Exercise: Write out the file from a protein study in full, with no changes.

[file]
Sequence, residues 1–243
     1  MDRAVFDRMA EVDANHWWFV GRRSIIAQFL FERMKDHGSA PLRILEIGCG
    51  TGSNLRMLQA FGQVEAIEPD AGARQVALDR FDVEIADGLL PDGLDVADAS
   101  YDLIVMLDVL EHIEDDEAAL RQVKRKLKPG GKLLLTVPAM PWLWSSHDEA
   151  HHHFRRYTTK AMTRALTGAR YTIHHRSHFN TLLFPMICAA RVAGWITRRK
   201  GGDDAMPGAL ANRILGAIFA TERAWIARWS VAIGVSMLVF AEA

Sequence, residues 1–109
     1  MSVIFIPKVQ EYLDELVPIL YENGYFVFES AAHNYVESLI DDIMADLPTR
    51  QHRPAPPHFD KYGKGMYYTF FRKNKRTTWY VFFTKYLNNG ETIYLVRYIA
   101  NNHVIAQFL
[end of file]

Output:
Sequence, residues 1–243
     1  MDRAVFDRMA EVDANHWWFV GRRSIIAQFL FERMKDHGSA PLRILEIGCG
    51  TGSNLRMLQA FGQVEAIEPD AGARQVALDR FDVEIADGLL PDGLDVADAS
   101  YDLIVMLDVL EHIEDDEAAL RQVKRKLKPG GKLLLTVPAM PWLWSSHDEA
   151  HHHFRRYTTK AMTRALTGAR YTIHHRSHFN TLLFPMICAA RVAGWITRRK
   201  GGDDAMPGAL ANRILGAIFA TERAWIARWS VAIGVSMLVF AEA

Sequence, residues 1–109
     1  MSVIFIPKVQ EYLDELVPIL YENGYFVFES AAHNYVESLI DDIMADLPTR
    51  QHRPAPPHFD KYGKGMYYTF FRKNKRTTWY VFFTKYLNNG ETIYLVRYIA
   101  NNHVIAQFL